Date published: 2023-09-03
Rated 3 out of 5 by from A good course with occasional distractions. This course is a treasure trove of valuable information. It is mostly well organized and almost always interesting. However, I only gave three stars because I grew absolutely weary trying to sort out what the ancients actually said from the professor's views of what he thinks they meant or what they ought to have said. He interjects his own personal opinion and occasional snide invective (e.g. blanket derision of the rich as "robber barons") so frequently thoughout the series that listening to the course is like riding down the highway enjoying the scenery when the driver every now and then suddenly swerves without warning or explanation. If this were a train we'd say it had derailed, but as a series of lectures I'll only say, as much as I enjoyed learning about the ancient Stoics, I found the course overly tinged with the professor's opinions on modern American politics. It doesn't matter that I mostly agree with those opinions. I want to hear what Epictetus and Seneca said, in the context of their own times, and not what Massimo thinks they would say if they were living in New York today. All in all, the course was worth the price I paid and I'll surely revisit it periodically in the future for refresher lessons, but in this reviewer's opinion, it was only an average offering from the Teaching Company, failed to live up to its promise, and therefore warrants only three stars.
Date published: 2023-08-19
Rated 5 out of 5 by from What I Have Been Looking For Having read Meditations by Marcus Aurelius (a couple of times), there has been this need to learn more about stoicism. Then out of the blue comes this course with his picture on it. I am grateful for the course, experience and the recommended reading. My journey has only begun.
Date published: 2023-05-31
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Overview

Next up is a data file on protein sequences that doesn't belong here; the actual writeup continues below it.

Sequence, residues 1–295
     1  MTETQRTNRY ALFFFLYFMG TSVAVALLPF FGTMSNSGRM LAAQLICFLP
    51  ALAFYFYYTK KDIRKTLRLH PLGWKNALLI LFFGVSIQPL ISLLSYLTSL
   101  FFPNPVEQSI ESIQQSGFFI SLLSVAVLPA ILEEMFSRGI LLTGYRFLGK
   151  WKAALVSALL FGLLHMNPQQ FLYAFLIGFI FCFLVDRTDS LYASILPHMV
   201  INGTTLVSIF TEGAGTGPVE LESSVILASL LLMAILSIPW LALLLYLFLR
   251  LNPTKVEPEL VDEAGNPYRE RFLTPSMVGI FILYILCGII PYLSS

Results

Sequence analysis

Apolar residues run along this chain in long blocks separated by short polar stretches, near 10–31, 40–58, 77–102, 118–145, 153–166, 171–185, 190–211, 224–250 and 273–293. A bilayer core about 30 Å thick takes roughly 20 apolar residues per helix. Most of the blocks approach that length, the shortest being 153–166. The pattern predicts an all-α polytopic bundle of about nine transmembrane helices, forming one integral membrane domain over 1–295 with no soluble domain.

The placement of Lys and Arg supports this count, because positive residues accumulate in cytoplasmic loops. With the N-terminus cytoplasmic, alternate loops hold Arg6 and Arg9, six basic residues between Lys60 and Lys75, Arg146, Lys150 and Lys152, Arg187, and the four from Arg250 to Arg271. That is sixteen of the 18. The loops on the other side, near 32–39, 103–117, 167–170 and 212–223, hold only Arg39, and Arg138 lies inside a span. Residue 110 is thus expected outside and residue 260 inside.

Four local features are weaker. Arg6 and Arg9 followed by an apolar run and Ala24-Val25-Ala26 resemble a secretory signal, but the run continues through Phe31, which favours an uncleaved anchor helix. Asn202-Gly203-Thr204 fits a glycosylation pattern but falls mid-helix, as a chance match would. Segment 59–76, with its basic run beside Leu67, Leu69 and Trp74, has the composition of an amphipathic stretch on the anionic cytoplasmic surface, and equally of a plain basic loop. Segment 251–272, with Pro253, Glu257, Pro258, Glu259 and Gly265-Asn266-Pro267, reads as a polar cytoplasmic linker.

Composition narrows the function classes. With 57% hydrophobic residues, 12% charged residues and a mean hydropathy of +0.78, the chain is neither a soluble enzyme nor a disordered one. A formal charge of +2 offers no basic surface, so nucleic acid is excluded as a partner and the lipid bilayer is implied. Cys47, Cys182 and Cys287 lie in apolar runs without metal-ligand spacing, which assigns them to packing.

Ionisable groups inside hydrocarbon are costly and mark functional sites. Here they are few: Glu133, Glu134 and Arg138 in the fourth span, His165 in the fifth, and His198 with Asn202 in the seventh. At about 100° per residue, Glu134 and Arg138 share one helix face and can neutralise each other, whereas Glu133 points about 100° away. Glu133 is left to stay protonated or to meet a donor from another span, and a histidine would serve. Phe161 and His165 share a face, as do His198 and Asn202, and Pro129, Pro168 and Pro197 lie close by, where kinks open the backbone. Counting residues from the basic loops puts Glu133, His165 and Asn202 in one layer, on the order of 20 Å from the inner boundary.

Discover how to think and act like a Stoic with this eye-opening introduction to one of the ancient world's most important-and practical-schools of philosophy.

About

Massimo Pigliucci

I would like to invite you to join me on an engaging journey to discover the heart of stoicism, one of the most fascinating and eye-opening philosophies you can study.

INSTITUTION

The City University of New York

Massimo Pigliucci is the K. D. Irani Professor of Philosophy at The City University of New York. He holds a PhD in Evolutionary Biology from the University of Connecticut and a PhD in Philosophy from the University of Tennessee, Knoxville. He is a fellow of the American Association for the Advancement of Science, which recognized him for his major contributions to studies of gene-environment interactions and his educational efforts to counter widespread pseudoscientific beliefs.

Massimo has published more than 170 peer-reviewed papers and authored or edited 14 books, including Nonsense on Stilts: How to Tell Science from Bunk and Philosophy of Pseudoscience: Reconsidering the Demarcation Problem (with Maarten Boudry). He studies and practices Stoicism and is the author of several books on the subject, including How to Be a Stoic: Using Ancient Philosophy to Live a Modern Life.

Massimo has written for The New York Times, The Washington Post, and The Wall Street Journal, and he has been interviewed by PBS, BBC World Service, NBC News, The Boston Globe, The Guardian, The Atlantic, Newsweek, The Economist, Forbes, WIRED, and Scientific American. He has also made a guest appearance on The Colbert Report. He produces a podcast called Stoic Meditations, and his writings and musings can be found at massimopigliucci.org.

By This Professor

Think like a Stoic: Ancient Wisdom for Today's World
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Think like a Stoic: Ancient Wisdom for Today's World

Trailer

How to Live like a Stoic Sage

01: How to Live like a Stoic Sage

Start with an introduction to the basics of Stoic philosophy, which puts an emphasis on living reasonably and pro-socially, and which teaches us to live according to nature. You’ll also get a taste of the two pillars of this ancient school of thought: the four cardinal virtues and the dichotomy of control.

29 min
Stoicism from Heraclitus to Thoreau

02: Stoicism from Heraclitus to Thoreau

How has Stoic philosophy evolved over time? First, you’ll place Stoicism among its rivals and influences, including major Hellenistic schools of thought like Epicureanism and Cynicism. Then, follow the course of Stoic philosophy and themes through minds like Seneca, Thomas Aquinas, Baruch Spinoza, and the transcendentalism of Henry David Thoreau.

28 min